Monday, March 9, 1959

Press Telegram

Location: Long Beach, California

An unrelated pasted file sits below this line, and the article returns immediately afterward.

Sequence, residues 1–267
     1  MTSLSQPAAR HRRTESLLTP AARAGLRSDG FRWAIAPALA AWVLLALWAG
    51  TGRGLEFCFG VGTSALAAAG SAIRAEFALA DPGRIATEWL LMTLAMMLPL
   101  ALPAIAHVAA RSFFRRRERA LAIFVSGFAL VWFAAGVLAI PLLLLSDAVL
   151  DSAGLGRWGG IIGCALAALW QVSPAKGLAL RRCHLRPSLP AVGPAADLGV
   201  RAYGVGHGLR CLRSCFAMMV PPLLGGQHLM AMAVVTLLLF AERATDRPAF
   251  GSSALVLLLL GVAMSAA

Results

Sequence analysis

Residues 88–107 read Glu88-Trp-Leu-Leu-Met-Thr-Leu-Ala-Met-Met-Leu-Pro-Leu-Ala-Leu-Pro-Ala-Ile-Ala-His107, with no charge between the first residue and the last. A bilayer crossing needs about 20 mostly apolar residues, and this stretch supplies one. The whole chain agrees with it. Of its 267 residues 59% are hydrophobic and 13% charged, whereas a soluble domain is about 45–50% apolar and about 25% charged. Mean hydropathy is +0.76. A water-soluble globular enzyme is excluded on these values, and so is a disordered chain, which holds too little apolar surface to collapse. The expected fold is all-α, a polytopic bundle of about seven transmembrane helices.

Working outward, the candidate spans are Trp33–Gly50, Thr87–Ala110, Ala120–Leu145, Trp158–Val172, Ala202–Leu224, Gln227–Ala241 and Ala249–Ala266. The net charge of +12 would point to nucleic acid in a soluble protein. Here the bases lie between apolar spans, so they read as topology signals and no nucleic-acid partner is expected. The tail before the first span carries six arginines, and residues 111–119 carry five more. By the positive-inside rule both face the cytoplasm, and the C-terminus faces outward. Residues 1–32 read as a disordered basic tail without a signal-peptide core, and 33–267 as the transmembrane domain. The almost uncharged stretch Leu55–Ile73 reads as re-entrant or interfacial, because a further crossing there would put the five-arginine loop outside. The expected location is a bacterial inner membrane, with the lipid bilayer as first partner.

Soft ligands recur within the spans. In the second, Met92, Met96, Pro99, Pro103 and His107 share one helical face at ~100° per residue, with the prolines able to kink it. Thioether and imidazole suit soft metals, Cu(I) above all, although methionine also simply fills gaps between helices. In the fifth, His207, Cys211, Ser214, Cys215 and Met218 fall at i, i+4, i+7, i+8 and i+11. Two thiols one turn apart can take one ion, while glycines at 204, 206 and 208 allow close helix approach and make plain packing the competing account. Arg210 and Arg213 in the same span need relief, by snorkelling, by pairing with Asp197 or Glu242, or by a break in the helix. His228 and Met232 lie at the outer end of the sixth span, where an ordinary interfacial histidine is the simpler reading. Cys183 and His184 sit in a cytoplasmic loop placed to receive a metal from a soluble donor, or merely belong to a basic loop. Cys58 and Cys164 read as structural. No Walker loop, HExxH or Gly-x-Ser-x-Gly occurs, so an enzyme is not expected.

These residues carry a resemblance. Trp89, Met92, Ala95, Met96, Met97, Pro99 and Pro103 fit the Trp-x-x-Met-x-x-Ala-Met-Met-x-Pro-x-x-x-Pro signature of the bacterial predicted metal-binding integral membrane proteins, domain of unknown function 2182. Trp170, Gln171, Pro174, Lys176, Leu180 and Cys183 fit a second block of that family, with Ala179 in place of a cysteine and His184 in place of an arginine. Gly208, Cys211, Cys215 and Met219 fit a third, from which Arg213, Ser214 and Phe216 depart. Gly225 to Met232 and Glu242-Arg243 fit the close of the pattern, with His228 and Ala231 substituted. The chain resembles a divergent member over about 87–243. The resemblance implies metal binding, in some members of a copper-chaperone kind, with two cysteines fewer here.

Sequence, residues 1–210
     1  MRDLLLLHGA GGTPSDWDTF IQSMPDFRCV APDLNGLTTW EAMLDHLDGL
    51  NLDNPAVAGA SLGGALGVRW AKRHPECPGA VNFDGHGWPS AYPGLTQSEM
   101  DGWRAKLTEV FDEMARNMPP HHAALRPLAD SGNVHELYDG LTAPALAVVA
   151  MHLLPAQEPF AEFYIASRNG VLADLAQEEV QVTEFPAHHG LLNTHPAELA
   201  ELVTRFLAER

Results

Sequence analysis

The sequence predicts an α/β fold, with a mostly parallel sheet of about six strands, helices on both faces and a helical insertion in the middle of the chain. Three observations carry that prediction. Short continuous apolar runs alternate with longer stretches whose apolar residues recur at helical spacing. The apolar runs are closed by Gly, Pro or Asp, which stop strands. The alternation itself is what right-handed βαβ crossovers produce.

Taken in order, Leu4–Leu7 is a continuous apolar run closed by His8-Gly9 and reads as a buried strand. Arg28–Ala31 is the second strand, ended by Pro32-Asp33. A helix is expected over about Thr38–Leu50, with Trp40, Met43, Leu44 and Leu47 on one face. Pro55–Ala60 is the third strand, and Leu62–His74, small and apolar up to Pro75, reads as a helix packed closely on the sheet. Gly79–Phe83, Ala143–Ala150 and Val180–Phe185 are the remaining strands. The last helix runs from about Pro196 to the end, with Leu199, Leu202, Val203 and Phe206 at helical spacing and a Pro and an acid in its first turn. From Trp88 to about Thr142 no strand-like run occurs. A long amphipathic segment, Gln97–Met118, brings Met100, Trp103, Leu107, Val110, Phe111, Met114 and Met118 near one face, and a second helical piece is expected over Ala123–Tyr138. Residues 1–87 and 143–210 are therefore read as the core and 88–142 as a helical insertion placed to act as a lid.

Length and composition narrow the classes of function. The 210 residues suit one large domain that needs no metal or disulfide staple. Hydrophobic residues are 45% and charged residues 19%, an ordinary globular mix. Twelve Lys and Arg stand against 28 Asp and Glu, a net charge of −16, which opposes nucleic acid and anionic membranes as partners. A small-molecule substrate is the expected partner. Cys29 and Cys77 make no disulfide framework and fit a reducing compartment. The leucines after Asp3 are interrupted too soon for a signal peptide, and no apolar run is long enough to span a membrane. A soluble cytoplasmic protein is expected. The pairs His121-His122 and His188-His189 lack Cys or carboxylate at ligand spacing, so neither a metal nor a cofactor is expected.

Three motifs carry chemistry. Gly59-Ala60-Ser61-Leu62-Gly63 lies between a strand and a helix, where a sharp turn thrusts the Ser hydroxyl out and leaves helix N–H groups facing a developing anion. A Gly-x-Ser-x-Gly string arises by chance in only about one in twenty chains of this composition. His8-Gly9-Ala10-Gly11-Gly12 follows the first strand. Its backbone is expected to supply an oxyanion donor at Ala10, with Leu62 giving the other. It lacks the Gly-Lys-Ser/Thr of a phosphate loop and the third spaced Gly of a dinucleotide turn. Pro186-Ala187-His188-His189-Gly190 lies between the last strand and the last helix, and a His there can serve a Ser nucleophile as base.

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Press-Telegram (Newspaper) - March 9, 1959, Long Beach, California 8 BANKS OF AMERICA LOOTED HERE BABY FINDS A FRIEND She doesn't' have a for Jane but this girl, about 4 months, has a new friend, Sgl. M. M. Anderson, at San Pedro City Hall. Po- lice reported a woman handed the baby to a cus- tomer in a.Wilmington tavern Sunday, saying "Hold her for then disappeared. The little girl is in Los Angeles Juvenile Hall today while au- thorities look for her Photo.) Iraq Claim Rebellion Quelled in North BAGHDAD, Iraq swarmed through the streets of Baghdad today celebrating a government announcement that insurrection in northern Iraq has been quelled. "The government is in complete an offi- cial said. "Col. Abdul Wahab Shawaf was killed by his (Ho'we'ver, Shawaf-WSisieJf went on the air Intries Made >y Pass Keys on Weekend Mail Chutes Pried Open; Thugs Also Hit Panorama City Burglars armed .with pass eys entered eight Bink of .merica branches in the ong Beach area over weekend, and looted mail rops of an unknown number f deposits. A ninth such burglary was eported by the bank branch n Panorama City. The thieves struck some ime after the banks closed Friday and before they opened his ,mornihg, police said. All nine burglaries fol- owed an identical pattern, police said. 4 USING PASS KEYS, the hieves entered through the main doors.'Then they used >ry bars to force open thej ightweight boxes attached toj :he letter chutes in the doors. I Then they let themselves! out of the bank apparently without taking anything else, bank spokesmen said. The Long Beach area banks involved were: Bixby Knolls, 3804 Atlantic Lakewood Plaza, 6437 E. Spring St. Lakewood Village, 4140 Norse Way. Viking Way, 4145 Viking Way. Lakewood Center, 5247 Ha- zelbrook St., Lakewood. Dutch Village, 5510 N. Woodruff Ave., Lakewood. Bellflower, 17445 Bellflower Blvd., Bellflower. Paramount, 15901 Para- mount Blvd., Paramount. Bank officials in Los An- geles said they could not esti- they The Finest Evening Newspaper LONG BEACH 12, CALIF., MONDAY, MARCH 9, 1959 PRICE 10 CENTS CLASSIFIED HE 2-5959 30 PAGES Vol. 30 HOME EDITION [Six Editions Daily) TELEPHONE HE 5-1161 2 Killed, 29 Injured in Crash of Farm Truck and 2 Autos to deny this from Mosul.) From every appearance in Baghdad, the government has no fear of the rebellion spreading this far. The few army units here do not seem to be on special alert. The curfew which has been in ef- fect since the July revolution was lifted to permit observ- PARIS Prime ance of the Moslem Ramadan, Macmillan Talks With Allies Start mate the loss until check with depositors. THIS WAS: THE SCENE of devastation in Norwalk where truck loaded with workers, overturned after collision. Minister Macmillian today be- gan a swing around the capi- tals of his major allies in which begins Tuesday. The airport is open to regu- lar traffic. Arriving passen- Igers found soldiers, customs search of a Western policy to officials and other airport with'functionaries clustered around to a gov- ernment spokesman's asser- Continued Page A-5, Col. 1) take into negotiations the Russians. I Arriving in Paris to confer with President De Gaulle, Macmillan said he feels the Russians want to negotiate on Berlin. "The Russians accept that these immediate problem! Berlin, Germany and so ought to be settled by nego Macmillian said. He conceded that there are wide differences between the West and the Soviets. He said in view of this, it is all the more important for the West- ern Allies to get together "to confirm our common policy and purpose." IN EAST BERLIN, mean while, Soviet Premier Khrusn chev held a surprising meeting Khrushchev's invitation __with West German Chan cellor Konrad Adenauer's chief political opponent, So cialist Party Chairman Erich Ollenhauer. The meeting, helc" in the Soviet embassy in Has Berlin, angered West Berlin papers. Paris was Macmillan's firs stop, to report to Presiden De Gaulle on his talks in Mos cow with Khrushchev. Th prime minister returns t e a tragic e The Soviet Union has of the that point before. But Corps Khrushchev a "If it is necessary, would even be agreeable tha he United Army's -s rrance and the Soviet and fi or neutral countries tea in West Berlin a S number of are no "They would have the Berlin. Th of protecting the status of the free city, but would more no .right to interfere with the internal life of the Sol em r us to more aro "If such guarantees the Khrushchev in j1 "then nobody would be brews to disturb the Man life of the free city." e WESTERN OBSERVERS pointed out that in son potential tro Khrushchev's plan the we Union would get their ex tary forces into West alread lin. This would not be on a able to the actic In the past the are mo have had some soldiers the n West Berlin to guard fat (Continued Page A-5, Col. Army and the as he said the Marine battalion are being Stennis declared ow facing a crisis The situation there serious by the crude benches on the bed of Hospital, Norwalk. he truck. They were spilled out onto the freeway when :he truck flipped over. Killed were Archie Davis, They were taken to Carobil THE 13 4 OTHER persons still hospitalized included two occupants of a statkjn' tragic error to cut the about 30, of 12416 and one of an aute- brook Compton, and James Albert McKinney, 34, of Los Angeles. CRITICALLY injured were four other farm Harris, 17, and Earl mobile struck by the truck'as the two vehicles headed east on Imperial Hwy. In the station wagon Roy Williams, 31, the driver; his .brother-in-law, LeRoy JRuhl, 34, and Clara F. Bohae, Higgins, 44, both of Los An- au oj whittier, who were geles, and two men identified -eturning from a camping trip in the Kernville area. Also hospitalized were William Cole, 60, of Glendale, driver of the automobile, and his Ike's Decision on Oil Import Curbs Due WASHINGTON wife, Lillian, also 50. Cole and Williams were released aftir in bind existing the globe, nations be dy. Trouble ormosa and ther similar us to re-gree in other spots. d to actually g combat ined and al-I-by alert for IE very units <ely to need ew years? ass of man-A-5, Col. decide Tuesday regarding the future of restrictions on oil imports, the White House said today. On Feb. 28 the President ordered a 10-day extension of the program of voluntary controls on importation of oil. That extension expires at midnight Tuesday. and early morning fog, but mostly sunny Tuesday. Slightly I warmer. PAT O'BRIEN NEARLY IN TEARS treatment. 'f ABRON THOMAS, 27, ;of Los Angeles, told sheriffs deputies he was driving the load of farm workers home from a day in the fields. "When I started down the hill from the freeway I had- said Thomas from his hospital bed. 'Then I hit them again and they wouldn't work. 1 just couldn't stop it" Thomas attempted ;.to swerve out of the path 'of traffic pouring along the busy highway but broadsided into the station wagon, officers said. Then the truck whipped around, struck the side ;6f he automobile and over- turned. Dying Boy, 15, Meets His Heroes Squadron at Langley Force Base, Va. Air PHOENIX 15-year-old youth dying of muscular dys- trophy and his heroes in person Sunday. He looked out of his oxygen tent and a smile split his face when he saw movie star Pat O'Brien, auto racer Jimmy Bryan and television actor Tris Coffin. They were old friends to Gilbert. He'd watched them often on TV. He told his best friend, sheriff's deputy Jerry Centner, he'd like to have them come to see him. Centner said that turned out to be no problem. PAT O'BRIEN handed the youth a base- ball autographed by all the Boston Red Sox, training at nearby Scottsdale. Gilbert thought it was great but he said 'a liltle wistfully, "I wish it had come from my own San Francisco Giants." The veteran actor choked off tears later when he said, "I came to give the kid a lift and instead he gave me one. 1 have four of my own but I felt he was one of them." Bryan left a model of the racer in which he won the 1958 Indianapolis 500- miler. Gilbert asked all about it, and talked a lot about racing. "I was said Bryan afterward. "The kid keeps up with everything and he knows as much about racing as I do." COFFIN, STAR of TV's "26 the story of the Arizona Rangers, left a marshal's star and autographed pictures. "His said Coffin, "seemed to be the one of my horse." There may have been plenty of tears inside, but none of them showed when the three left the smiling youth behind. WHERE TO FIND IT County officials have de- clared war on Gov. Brown's state-county partnership pro- posals. See Page A-7. Beach B-I. Hal B-7, B-7. D-l to 5. C-6, 7. B-8. Death B-2. B-3. Shipping A-7. C-I, 2, 3. C'4- Tides, TV, D-6. Vital C-5. B-7. B-4, 8.